Regarding your 3-3-1 (or 4-2-1) split of offense-defense-special weight, I’ll just ask one thing: at what point does a team’s defensive ability become a liability? For instance, if you have a top-10 offense and top-20 defense, I bet you’ve got a dynasty in the making; unfortunately, the Saints (and Packers (to a lesser extent), and Patriots (to a greater extent)) have the nearly-worst defense in the league. Do you really believe that a top-10 offense can “hide” a bottom-10 defense? Especially when your offense starts to encounter teams that are more balanced or even more heavily skewed toward defense. Let’s take, I don’t know, the 49ers? as an example: top-20 offense, top-5 defense and special teams. On a pure ranking basis, without knowing the team names or getting all orgasmic about the QB (you love a hot Brees), how can you not like 20-3-2 to beat 2-28-13? Especially at home, which I think is typically considered a three-point advantage. That’s why I put so much importance into achieving the #2 seed; I knew the Niners would have next-to-no chance at New Orleans, but they look mighty good at home. Oh, by the way, the Saints have proven to be not nearly as good on the road (41 points/game versus 25 points/game) and they won’t be able to keep the Niners defense honest with any kind of run game (49ers front seven: where tailbacks stop and cry). Hard not to like the Niners chances on Saturday.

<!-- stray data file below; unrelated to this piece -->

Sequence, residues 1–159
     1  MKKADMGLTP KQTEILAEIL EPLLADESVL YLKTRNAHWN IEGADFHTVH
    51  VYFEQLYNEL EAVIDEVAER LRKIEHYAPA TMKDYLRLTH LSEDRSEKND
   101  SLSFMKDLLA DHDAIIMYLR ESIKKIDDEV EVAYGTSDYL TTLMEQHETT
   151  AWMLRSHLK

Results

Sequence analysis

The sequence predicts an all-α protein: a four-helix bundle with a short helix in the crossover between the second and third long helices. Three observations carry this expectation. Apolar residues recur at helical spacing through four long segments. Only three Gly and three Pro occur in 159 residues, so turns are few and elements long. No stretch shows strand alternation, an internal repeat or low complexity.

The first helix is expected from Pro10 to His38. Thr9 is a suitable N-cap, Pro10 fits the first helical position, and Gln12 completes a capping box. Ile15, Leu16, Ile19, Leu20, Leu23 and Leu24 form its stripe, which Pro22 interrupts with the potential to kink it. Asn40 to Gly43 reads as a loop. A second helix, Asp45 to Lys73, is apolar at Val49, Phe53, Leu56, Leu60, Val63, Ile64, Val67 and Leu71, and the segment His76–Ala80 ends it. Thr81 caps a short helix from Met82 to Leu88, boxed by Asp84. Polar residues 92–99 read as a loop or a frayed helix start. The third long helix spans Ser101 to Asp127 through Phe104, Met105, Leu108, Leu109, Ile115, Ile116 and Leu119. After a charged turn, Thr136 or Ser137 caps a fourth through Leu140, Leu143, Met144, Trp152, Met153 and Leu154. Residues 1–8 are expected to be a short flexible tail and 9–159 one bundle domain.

As I’ve stated numerous times, I’d love to see 49ers @ Packers for the NFC title (and, really, the NFL title*) because the Packers are very similar to the Saints, only a little better on defense (and special teams). Not sure if the 49ers could pull out a victory at Lambeau, but 20-3-2 at 1-24-8 should be an epic battle. I’d find a way to watch that one.